Waterman's top control-athon would be to avoid the takedown
altogether but this may not be an option considering Rinaldi isn't
a particularly strong wrestler and relies more on his jiu-jitsu and
striking to get by.
The key here is whether or not Rinaldi can either find a way to
hurt Waterman on the feet or use his jiu-jitsu game to dictate the
action on the ground. Normally, I'd take the guy who actually has
more than one offensive option available to him but this is the
world of super heavyweight MMA. The standard rules do not apply
when you're dealing with guys who should probably just hit a
treadmill and compete as heavyweights.
Why a matchmaker would ever put Waterman on a PPV main card is
beyond me, but whoever is responsible will get their just desserts,
just like any other super heavyweight.
Expect Waterman to put on a performance that will leave young fans
crying, old fans dying and those of us in the middle simply bored.
This one ends with Waterman the winner via uneventful unanimous
This month's entry from the department of off kilter matchmaking
comes in the form of a rubber match, minus the rubber, between
(Pictures) and Thugjitsu disciple
Carlo Prater (Pictures).
Having already lost a pair of unanimous decisions to Wisniewski,
Prater needs to get over the hump and take out his rival if he ever
expects to escape the MMA rat race and establish himself as a
Long known as one of Yves
Edwards (Pictures)' top students, Prater has
actually collected an impressive array of wins over fighters who
would go on to find success under the Zuffa tree of MMA
organizations. Then again, with a 20-4-1 mark, the problem with
Prater has never been finding wins, just avoiding the losses. It
seems as if though every time Prater is ready to make a splash, he
comes up just short.
One of the beneficiaries of Prater's Alex Rodriguez Syndrome has
been Wisniewski who was actually signed to the UFC after beating
Prater a second time. Unfortunately for Wisniewski, the win over
Prater was followed by four straight losses that have dropped his
record to 21-11-1.
My sources tell me that Prater actually resorted to witchcraft
after losing to Wisniewski a second time and both Wisniewski's
losing streak and the sudden interest in the Geico cavemen can be
traced back to Prater's dealings with the occult.
Once fight time comes around however, Harry Potter impersonations
won't get Prater anywhere against a man who has all the reason in
the world to believe that a win is well in hand. In their past
dealings, Prater has simply been incapable of controlling the
rhythm of the fight thanks to Wisniewski's well rounded skills and
willingness to drag out fights.
We've seen Wisniewski falter against opponents who can pressure him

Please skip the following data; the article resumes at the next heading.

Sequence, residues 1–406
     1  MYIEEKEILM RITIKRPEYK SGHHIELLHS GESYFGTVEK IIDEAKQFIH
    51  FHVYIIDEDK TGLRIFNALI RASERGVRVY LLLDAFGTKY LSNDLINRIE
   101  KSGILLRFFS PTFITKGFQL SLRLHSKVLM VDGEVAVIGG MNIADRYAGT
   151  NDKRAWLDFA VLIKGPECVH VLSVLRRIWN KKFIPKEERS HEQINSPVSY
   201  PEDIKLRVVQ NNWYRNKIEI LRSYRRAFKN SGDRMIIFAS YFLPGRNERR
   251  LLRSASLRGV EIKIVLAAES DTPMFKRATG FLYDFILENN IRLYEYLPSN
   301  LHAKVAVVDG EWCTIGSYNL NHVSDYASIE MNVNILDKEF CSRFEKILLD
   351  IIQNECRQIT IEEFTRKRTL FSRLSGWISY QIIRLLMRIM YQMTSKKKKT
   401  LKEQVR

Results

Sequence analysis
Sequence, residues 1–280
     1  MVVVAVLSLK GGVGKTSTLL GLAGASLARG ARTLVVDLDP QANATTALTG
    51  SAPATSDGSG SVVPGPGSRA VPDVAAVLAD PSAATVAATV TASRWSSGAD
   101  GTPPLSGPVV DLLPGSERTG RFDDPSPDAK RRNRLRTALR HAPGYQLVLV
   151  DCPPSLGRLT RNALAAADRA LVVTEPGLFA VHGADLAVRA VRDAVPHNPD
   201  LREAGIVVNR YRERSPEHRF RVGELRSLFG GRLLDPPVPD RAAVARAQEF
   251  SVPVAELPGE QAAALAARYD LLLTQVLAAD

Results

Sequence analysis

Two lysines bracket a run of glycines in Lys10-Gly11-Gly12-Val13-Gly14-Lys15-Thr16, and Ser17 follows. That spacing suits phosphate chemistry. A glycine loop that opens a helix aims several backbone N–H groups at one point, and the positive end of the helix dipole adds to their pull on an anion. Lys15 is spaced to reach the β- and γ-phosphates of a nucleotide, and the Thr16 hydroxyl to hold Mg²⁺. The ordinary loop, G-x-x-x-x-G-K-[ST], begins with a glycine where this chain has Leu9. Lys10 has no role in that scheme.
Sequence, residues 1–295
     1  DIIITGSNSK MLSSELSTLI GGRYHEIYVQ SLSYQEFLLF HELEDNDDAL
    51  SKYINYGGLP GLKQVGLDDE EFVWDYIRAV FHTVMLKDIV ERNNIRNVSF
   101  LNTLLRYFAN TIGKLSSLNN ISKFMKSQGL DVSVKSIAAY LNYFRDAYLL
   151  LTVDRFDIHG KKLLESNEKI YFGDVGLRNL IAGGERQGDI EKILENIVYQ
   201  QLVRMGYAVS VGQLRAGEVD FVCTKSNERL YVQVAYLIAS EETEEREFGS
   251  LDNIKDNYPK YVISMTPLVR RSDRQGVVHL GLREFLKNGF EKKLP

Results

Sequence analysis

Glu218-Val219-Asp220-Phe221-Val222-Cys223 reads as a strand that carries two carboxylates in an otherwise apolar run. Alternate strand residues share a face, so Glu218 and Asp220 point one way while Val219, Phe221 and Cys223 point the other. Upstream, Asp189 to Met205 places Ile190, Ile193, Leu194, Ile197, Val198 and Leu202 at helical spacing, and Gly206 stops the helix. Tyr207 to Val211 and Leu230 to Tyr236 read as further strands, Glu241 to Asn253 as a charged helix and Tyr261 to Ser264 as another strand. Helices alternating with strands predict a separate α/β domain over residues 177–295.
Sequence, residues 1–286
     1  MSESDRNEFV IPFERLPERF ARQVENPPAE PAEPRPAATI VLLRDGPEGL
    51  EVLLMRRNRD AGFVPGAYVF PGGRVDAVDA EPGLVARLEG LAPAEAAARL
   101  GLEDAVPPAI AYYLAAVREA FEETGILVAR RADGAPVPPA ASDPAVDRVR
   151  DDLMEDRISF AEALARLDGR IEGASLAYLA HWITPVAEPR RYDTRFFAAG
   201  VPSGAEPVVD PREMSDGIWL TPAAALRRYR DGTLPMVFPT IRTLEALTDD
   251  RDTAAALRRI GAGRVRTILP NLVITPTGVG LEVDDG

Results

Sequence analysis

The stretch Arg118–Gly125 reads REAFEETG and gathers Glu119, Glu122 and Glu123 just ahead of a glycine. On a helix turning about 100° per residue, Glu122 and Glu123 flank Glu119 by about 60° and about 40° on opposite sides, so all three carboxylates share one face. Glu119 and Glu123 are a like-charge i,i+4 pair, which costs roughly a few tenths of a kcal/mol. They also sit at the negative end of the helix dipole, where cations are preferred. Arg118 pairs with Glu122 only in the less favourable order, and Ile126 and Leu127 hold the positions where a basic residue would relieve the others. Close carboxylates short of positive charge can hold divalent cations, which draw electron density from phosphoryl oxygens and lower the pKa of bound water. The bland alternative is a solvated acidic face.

but Prater has been unsuccessful in that regard. This match seems
to have all the makings of a showdown between the old Brooklyn
Dodgers and New York Yankees where you can't help but root for the
Dodgers while knowing the Yankees will win. Now, Wisniewski may not
be MMA's answer to Mickey Mantle but he has proven time and time
again that he has the game plan to take out Prater.
The one troubling thing about Wisniewski headed into this fight is
the losing streak he is on but if he's looking to get himself back
on track, fighting someone he's beaten twice is not a bad idea. The
past two encounters between these men have been short on fireworks
and long on bathroom breaks so count on Wisniewski adding one more
methodical win over Prater to his record. That is unless Prater has
unlocked the secrets of the eye of Agamotto in which case, we're
While the main card has the expected mix of veterans and …
veterans, the under card actually has a mixed bag of surprises for
the willing MMA fan. First up is a showdown between Lion's Den
member Alex Andrade and
(Pictures) of the Brazilian Top Team.
The knee-jerk reaction here is to pick the BTT member but Capoani
couldn't even beat Yasuhito Namekawa
(Pictures). If that isn't a red flag
then I don't know what is.
Training with BTT won't get you anywhere if you don't have the
skills it takes to succeed in MMA and while Andrade is hardly the
zenith of the sport, he is a solid fighter who has feasted on the
(Pictures)s of the world. Watch for
that trend to continue as Andrade scores an uneventful TKO due to
ground and pound late in the second round.
Next up on the menu is a light heavyweight tussle between
Damien Stelly and Luis Arthur Cane. A student
of the infamous Ryan Gracie
(Pictures), Cane has accumulated a
strong 6-0 record while Stelly has remained close to his native
Georgia in putting together a 2-1 record as a professional. This is
really more of a launching pad for Cane than anything else who
enters this fights regarded as a fine prospect.
Granted, Stelly doesn't plan on rolling over for anyone but Cane
simply has too much for Stelly who will fall victim to a rear-naked
choke courtesy of his Brazilian counterpart. Afterwards, count on
Ryan Gracie (Pictures) to act in a classy manner and
acknowledge his pupil's opponent in a most respectful fashion.
In another match-up of Brazil and the South, Chute Boxe product
(Pictures) will put his camp's vaunted
Muay Taekwondo style up against Texas' own Hector Munoz. Despite never
becoming a strong Chute Boxe representative at lightweight,
Marcello does have a solid ground game and sharp knees that he has
been known to use to great effect.
Against Munoz, it just seems like a matter of putting it all
together for Marcello since Munoz seems to lack anything he can use
to beat his Brazilian opponent. In typical Chute Boxe fashion,
expect Marcello to steal the undercard with a strong performance
and put an end to Munoz's PPV debut with a triangle choke in the
No MMA undercard is complete without a feMMA match and Art of War
delivers with Franita Gathings making her MMA debut against Lana
"Lethal" Stefanac. Not much is known about Gathings outside of
she's a woman and most likely enjoys fighting. I'll err on the side
of caution and take the girl who has actually competed before,
Stefanac via unanimous decision.
While the days of constant style clashes in MMA may be over, we do
occasionally get to relive the past and the match-up between
Anthony Njokuani and
Keyon Mike Jackson is a
great example of this.
Njokuani is a slick Muay Thai practitioner while Jackson has made a
name for himself thanks to a strong jiu-jitsu background. Both men
have actually compiled strong records against local talent and are
looking to enter the deep side of the pool with a win. Count
Njokuani avoiding the takedown just long enough to light up Jackson
like something that is in need of lighting.
Known more for his shock KO win over Jens Pulver (Pictures) than anything else, Jason Maxwell (Pictures) is on the road to rebuilding a
career that fell apart after what appeared to be the biggest win of
his career. This time, it will be Thomas Schulte (Pictures) of FitNHB who will look to keep
Maxwell from turning things around.
I'll give Maxwell the better shot of victory in this one
considering Schulte has consistently come up short in big spots
while Maxwell can at least say he knows how to notch a big win.
Expect Maxwell to take home a decision and demand that Art of War
put together a super-fight between him and B.J. Penn (Pictures).